# Transforming electric field in frequency domain to intensity in frequency domain

I'm currently struggling to convert the electric field to the intensity in the frequency domain.

In principle it seems like I need to do the following: $$I(\omega)=\mathcal{F}[I(t)]=\frac{1}{\sqrt{2\pi}}\int_{-\infty}^{\infty}dt|\mathcal{R}(E(t))|^2e^{-i\omega t}$$ where $$E(t)=\frac{1}{\sqrt{2\pi}}\int_{-\infty}^{\infty}d\omega E(\omega)e^{i\omega t}$$ with the given electric field $$E(\omega)$$ in the frequency domain.

This is in the first place not really doable analytically and also not very easy numerically. That's why I wanted to ask if there is a better way to do this transformation.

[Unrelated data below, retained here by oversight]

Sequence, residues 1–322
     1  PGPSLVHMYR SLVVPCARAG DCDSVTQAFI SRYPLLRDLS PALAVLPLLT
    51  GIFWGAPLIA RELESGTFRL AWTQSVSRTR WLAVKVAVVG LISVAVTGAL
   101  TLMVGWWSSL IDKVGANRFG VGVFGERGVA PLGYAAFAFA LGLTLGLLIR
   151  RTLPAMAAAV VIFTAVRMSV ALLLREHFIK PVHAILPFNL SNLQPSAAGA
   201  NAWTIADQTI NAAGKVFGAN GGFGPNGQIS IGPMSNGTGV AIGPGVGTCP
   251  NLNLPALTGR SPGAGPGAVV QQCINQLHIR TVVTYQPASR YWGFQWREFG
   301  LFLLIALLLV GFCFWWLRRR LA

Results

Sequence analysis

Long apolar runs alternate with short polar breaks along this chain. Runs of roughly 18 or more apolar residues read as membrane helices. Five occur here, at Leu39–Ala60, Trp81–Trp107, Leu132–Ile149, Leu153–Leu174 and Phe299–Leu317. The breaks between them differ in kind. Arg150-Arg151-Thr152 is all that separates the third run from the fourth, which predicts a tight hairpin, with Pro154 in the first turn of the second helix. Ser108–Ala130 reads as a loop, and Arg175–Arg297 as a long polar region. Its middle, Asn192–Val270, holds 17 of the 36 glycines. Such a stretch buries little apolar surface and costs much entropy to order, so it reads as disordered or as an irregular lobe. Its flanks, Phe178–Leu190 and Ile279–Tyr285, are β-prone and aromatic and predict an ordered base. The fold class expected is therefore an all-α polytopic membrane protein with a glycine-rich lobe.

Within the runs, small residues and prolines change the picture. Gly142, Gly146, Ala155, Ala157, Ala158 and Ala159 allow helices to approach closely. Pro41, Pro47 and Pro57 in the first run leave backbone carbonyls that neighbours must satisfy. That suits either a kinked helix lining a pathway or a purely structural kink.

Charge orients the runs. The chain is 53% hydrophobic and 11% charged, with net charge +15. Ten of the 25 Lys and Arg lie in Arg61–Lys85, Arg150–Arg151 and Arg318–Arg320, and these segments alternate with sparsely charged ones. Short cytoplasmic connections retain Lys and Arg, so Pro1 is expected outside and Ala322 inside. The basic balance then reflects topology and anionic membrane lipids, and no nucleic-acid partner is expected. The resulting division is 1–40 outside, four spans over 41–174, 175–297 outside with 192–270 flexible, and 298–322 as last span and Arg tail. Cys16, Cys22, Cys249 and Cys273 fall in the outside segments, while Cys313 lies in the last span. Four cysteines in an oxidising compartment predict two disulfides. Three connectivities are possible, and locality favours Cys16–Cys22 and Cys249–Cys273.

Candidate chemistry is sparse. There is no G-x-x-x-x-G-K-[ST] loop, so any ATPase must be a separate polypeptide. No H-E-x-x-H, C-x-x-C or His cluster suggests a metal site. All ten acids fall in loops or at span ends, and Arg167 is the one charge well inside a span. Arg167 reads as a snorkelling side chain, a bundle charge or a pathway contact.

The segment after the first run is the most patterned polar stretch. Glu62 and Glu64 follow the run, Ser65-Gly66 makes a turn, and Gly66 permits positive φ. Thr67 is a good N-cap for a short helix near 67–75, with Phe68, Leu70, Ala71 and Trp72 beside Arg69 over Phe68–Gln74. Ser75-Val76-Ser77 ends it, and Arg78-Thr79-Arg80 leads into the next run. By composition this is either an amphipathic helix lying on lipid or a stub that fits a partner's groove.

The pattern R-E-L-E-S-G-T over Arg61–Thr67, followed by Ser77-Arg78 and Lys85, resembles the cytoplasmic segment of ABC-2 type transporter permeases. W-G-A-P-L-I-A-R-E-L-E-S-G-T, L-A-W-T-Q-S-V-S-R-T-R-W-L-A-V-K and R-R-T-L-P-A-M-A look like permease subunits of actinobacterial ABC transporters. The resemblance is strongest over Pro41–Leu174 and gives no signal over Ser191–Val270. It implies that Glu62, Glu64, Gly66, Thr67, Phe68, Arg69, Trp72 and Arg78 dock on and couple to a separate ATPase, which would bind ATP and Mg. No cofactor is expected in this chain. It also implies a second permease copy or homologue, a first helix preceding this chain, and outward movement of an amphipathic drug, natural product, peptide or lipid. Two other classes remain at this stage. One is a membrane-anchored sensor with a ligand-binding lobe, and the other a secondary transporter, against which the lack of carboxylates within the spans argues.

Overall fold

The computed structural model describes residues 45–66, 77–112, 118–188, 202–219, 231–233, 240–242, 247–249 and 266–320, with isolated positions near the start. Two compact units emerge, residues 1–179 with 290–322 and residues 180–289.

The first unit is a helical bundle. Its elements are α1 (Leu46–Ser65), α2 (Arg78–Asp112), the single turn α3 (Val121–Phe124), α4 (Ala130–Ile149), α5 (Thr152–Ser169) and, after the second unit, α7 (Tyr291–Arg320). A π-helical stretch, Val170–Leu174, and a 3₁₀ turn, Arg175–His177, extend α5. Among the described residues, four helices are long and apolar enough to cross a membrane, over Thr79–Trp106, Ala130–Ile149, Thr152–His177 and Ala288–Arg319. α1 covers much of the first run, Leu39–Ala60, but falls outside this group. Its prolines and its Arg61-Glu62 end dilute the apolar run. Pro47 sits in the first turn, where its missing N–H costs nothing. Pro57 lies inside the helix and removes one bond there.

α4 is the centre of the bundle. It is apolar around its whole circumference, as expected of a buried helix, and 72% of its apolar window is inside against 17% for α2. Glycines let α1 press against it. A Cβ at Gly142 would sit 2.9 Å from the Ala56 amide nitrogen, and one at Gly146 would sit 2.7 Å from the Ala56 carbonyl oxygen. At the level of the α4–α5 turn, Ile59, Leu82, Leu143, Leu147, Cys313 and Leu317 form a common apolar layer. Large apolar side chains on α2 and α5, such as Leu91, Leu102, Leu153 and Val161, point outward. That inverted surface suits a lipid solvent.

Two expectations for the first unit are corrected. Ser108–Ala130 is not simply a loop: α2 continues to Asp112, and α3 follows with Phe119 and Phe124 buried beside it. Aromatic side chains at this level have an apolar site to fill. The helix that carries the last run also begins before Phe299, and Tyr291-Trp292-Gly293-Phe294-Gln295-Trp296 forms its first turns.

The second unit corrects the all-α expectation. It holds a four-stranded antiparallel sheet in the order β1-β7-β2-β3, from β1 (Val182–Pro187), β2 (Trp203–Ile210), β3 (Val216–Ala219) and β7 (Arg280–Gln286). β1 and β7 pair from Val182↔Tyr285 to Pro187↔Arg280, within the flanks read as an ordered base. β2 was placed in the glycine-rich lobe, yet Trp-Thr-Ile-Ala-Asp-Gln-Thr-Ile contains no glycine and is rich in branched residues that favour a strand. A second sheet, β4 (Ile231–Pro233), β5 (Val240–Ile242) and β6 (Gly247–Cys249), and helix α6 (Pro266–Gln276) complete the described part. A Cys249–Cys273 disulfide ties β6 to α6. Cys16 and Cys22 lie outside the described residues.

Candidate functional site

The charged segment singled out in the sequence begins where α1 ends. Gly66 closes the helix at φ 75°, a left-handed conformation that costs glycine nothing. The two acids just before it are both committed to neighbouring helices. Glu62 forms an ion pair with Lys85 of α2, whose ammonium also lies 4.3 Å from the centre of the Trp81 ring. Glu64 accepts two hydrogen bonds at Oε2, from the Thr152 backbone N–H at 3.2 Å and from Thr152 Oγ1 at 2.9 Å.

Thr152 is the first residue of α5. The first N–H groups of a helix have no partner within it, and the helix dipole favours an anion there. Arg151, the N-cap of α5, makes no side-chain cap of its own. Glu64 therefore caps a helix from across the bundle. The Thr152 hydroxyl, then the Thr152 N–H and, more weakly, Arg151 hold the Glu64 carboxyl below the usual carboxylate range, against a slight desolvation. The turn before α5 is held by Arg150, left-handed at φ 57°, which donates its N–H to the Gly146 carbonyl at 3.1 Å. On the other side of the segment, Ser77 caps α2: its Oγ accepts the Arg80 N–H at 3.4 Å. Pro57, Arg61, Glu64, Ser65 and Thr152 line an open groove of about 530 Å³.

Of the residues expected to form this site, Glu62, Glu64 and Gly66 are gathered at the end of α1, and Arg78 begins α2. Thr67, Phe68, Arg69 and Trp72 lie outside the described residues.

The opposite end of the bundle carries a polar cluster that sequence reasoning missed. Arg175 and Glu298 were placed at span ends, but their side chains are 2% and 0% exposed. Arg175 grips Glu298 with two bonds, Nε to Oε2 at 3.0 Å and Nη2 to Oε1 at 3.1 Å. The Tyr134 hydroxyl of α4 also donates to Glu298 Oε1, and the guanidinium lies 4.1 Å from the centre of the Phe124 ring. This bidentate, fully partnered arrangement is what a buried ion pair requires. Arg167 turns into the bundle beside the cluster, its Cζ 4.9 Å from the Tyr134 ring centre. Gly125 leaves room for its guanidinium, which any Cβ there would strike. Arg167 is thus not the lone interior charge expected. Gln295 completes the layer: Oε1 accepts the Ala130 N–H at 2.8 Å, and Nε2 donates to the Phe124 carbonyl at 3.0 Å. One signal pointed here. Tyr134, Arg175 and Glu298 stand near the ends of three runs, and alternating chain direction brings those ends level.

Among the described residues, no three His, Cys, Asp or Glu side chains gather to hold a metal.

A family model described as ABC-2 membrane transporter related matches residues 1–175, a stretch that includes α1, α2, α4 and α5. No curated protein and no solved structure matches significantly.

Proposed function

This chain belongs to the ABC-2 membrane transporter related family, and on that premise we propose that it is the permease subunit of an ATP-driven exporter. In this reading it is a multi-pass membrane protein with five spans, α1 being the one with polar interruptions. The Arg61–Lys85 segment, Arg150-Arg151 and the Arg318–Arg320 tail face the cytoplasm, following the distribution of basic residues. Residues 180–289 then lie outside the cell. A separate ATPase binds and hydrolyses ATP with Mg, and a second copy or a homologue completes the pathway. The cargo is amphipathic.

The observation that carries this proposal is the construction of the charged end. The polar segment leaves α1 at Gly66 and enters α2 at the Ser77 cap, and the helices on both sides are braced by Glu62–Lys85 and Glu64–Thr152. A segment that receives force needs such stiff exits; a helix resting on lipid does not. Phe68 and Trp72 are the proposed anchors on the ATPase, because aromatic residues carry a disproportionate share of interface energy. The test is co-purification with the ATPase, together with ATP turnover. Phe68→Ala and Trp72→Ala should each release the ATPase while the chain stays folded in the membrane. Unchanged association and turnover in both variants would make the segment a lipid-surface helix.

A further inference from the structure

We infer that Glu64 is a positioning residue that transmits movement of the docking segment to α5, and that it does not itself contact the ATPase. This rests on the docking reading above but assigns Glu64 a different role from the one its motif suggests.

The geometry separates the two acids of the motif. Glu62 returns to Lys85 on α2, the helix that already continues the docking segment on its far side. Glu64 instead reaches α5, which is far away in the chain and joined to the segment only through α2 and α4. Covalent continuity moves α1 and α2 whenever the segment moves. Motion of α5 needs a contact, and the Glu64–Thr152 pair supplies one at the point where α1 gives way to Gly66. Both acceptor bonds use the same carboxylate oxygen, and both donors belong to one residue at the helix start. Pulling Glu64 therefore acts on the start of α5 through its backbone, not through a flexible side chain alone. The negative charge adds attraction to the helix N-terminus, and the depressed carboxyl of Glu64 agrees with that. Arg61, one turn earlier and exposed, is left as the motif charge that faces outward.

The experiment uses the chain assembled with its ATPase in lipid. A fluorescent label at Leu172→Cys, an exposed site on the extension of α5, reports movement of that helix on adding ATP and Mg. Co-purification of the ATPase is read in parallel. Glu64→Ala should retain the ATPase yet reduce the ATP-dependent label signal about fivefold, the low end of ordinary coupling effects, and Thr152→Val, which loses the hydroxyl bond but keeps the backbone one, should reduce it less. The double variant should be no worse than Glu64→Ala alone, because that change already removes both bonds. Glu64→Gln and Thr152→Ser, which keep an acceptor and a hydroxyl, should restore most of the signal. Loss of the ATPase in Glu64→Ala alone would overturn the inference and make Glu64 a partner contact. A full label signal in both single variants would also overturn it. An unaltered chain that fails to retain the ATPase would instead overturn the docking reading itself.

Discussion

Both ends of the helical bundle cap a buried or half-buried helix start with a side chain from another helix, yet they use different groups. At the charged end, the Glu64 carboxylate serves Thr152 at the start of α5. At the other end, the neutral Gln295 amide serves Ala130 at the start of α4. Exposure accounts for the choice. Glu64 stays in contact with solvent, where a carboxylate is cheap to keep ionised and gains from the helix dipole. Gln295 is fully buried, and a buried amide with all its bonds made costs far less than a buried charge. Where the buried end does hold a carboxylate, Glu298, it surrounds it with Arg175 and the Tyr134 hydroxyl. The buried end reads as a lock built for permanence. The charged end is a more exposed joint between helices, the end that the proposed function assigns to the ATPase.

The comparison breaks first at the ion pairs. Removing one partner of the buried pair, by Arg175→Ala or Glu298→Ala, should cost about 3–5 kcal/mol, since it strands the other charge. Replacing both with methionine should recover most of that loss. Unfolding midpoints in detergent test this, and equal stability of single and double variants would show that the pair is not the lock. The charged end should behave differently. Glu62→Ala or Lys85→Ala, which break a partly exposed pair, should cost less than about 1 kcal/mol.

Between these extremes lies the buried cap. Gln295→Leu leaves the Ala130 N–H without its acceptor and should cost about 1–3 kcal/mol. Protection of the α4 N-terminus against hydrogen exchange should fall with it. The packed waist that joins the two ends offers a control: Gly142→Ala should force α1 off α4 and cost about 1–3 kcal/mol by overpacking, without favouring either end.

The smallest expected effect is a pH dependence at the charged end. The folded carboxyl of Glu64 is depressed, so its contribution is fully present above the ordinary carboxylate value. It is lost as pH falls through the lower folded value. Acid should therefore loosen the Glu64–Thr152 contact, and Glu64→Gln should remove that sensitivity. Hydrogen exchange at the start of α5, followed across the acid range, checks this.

It's actually remarkably easy. No need to go into the time domain. Use Ohm's law and the impedance of free space, $$Z_0$$ (about 377Ω).

$$I(\omega)= E(\omega)^2 /Z_0$$

• Okay, but what is then my electric field spectrum consists of deltas? Delta squared is always a bit weird. Commented Sep 9, 2022 at 11:43

Taking square of EM signal in time domain is a pointwise product leading to a convolution in the Fourier domain: F(x×x)=F(x)∗F(x)

As EM signals are mostly sinosuidal, trigonometric identities defines the change in frequency e.g:

$$cos^2x=1/2(1+cos2x)$$ $$sin^2x=1/2(1−cos2x)$$ or

From the above formulae, one can see that:

Trignometric conversions explains the peaks shifts in freq domain. Scalar components yield frequency peaks at reference point